On MSNBC Wednesday morning, "Morning Joe" host Joe Scarborough had one of those refreshingly direct moments where he cut through all the political blather with a blunt assessment of what's really going on in the presidential race. Mr. Scarborough was talking about Rick Santorum's chances of being the nominee in 2016, when panelist Mark Halperin interjected that Mitt Romney might win in the fall (thereby taking 2016 out of the equation for Republicans). At that point, Scarborough irritatedly cut him off:
“Nobody thinks Romney’s going to win [the general election]. Let’s just be honest. Can we just say this for everybody at home? The Republican establishment – I have yet to meet a single person from the Republican establishment who thinks Mitt Romney’s going to win the general election this year. They won’t say it on TV, because they’ve got to go on TV, and they don’t want people writing them nasty e-mails. I obviously don’t care. But I have yet to meet anybody in the Republican establishment that worked for George W. Bush, that works in the Republican Congress, that worked for Ronald Reagan that thinks Mitt Romney’s going to win the general election.”
This basically corresponds with Decoder's own conversations with various Republican insiders. There are many who say they think President Obama is vulnerable – but there are far fewer who, when speaking off the record, say they believe Mr. Romney is well positioned to take advantage of that vulnerability. In a word, many Republicans smell a loser.
Yes, Romney is widely seen as the most "electable" candidate among Republican primary voters, and has been throughout this campaign. In Tuesday's Wisconsin primary, 38 percent of voters said that beating Mr. Obama was their top priority, and 68 percent of those voters chose Romney. But that doesn't mean they're confident Romney will beat Obama – just that they think he has a better shot at it than the other GOP candidates on the ballot.
In fact, when pollsters ask voters who they think is going to win in the fall (as opposed to who they want to win), Obama wins pretty handily. A recent Pew survey found that 59 percent of voters believe Obama would beat Romney in the general election, including 30 percent of Republicans and Republican-leaning independents.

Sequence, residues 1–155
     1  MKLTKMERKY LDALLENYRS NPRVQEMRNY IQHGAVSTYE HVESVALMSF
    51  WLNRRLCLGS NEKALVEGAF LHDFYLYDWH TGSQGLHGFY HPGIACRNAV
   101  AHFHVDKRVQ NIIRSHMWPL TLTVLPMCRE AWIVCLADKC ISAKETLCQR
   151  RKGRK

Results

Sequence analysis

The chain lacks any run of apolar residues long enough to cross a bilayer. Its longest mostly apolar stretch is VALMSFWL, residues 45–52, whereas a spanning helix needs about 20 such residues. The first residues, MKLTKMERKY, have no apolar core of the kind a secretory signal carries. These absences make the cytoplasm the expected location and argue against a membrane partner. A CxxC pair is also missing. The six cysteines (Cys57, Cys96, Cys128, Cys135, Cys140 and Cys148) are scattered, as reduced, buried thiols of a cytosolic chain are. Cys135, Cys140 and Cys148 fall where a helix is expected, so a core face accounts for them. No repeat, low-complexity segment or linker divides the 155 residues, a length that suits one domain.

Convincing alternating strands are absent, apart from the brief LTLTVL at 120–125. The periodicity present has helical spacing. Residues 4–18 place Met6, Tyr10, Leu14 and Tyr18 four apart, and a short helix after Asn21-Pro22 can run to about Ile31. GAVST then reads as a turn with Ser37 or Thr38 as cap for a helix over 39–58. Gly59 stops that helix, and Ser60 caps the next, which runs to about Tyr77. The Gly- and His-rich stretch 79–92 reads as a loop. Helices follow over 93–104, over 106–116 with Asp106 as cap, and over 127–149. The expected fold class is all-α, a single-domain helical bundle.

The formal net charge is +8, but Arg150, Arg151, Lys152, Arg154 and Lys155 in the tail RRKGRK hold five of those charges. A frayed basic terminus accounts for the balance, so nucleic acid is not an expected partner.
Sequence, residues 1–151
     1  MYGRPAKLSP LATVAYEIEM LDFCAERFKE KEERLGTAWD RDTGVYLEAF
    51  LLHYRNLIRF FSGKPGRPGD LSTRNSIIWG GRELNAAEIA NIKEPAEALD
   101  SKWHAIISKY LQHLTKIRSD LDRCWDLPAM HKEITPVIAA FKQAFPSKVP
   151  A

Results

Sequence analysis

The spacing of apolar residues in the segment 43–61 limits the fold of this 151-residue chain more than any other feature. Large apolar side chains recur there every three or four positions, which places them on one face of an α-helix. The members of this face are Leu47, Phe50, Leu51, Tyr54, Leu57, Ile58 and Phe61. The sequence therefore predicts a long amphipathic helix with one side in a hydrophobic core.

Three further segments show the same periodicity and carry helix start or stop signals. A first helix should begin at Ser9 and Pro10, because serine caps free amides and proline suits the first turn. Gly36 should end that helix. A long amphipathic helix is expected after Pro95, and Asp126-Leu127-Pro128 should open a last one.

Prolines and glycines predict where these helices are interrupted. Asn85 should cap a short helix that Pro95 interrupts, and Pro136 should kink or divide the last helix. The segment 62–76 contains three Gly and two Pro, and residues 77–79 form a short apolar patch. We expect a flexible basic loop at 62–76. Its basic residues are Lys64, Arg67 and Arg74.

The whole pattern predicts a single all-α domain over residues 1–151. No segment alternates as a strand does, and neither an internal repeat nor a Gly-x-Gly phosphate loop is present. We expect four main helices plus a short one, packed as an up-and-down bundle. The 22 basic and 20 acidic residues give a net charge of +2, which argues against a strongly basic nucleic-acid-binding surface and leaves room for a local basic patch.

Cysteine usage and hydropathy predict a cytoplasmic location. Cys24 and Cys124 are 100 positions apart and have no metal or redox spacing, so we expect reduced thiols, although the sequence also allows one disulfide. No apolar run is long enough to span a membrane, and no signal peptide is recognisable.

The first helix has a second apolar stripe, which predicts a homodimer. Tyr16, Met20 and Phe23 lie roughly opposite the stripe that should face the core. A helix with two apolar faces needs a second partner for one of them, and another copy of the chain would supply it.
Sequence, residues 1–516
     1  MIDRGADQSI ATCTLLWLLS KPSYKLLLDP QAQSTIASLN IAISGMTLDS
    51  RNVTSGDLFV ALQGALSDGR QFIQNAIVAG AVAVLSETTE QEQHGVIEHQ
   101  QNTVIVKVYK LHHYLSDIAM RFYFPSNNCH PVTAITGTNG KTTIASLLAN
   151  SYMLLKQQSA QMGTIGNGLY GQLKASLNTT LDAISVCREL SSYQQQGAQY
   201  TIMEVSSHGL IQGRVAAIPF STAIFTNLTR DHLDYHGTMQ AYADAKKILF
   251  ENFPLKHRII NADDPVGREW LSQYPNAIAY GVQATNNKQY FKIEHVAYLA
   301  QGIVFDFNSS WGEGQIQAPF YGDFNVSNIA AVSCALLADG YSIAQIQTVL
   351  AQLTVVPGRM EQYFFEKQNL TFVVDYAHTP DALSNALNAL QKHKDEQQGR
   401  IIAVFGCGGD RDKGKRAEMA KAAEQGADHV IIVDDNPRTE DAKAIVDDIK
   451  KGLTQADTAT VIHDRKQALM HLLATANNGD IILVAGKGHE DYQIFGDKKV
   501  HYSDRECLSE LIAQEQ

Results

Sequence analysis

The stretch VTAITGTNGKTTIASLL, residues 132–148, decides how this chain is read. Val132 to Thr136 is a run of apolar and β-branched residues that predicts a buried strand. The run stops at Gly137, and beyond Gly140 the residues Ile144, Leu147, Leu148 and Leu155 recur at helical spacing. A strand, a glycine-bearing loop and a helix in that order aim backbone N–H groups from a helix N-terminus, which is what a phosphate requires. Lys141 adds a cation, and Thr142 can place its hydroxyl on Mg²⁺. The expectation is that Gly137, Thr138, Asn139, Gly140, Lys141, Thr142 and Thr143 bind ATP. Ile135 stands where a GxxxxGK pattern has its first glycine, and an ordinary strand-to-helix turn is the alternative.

And it is that underlying sense – that, barring some unexpected turn of events such as a double-dip recession, Romney is probably going to lose in the fall – that has really been weighing down Romney's candidacy. The reluctance on the part of many Republicans to back him until recently, and the lack of enthusiasm shown by many when they do get on board, probably have less to do with Romney's positions on the issues and whether he's a true conservative or not, than with this widespread sense that he is likely to lose to Obama.
That's why Sen. Marco Rubio (R) of Florida followed his endorsement of Romney by telling The Daily Caller: "There are a lot of other people out there that some of us wish had run for president – but they didn't." That's why former Gov. George Pataki (R) of New York said, after endorsing him: "Mitt is not a perfect candidate," adding, "it's hard for blue-collar families like mine to identify with him. It's hard for economic conservatives to identify with him." (In fact, Mr. Pataki actually won an NCAA-style bracket put on by Yahoo News for "most tepid Romney endorsement.")
Some of them are trying. But, as Scarborough noted on Wednesday, in their heart of hearts, many Republicans – right now, at least – really aren't anticipating victory, which makes that enthusiasm a lot harder to muster.
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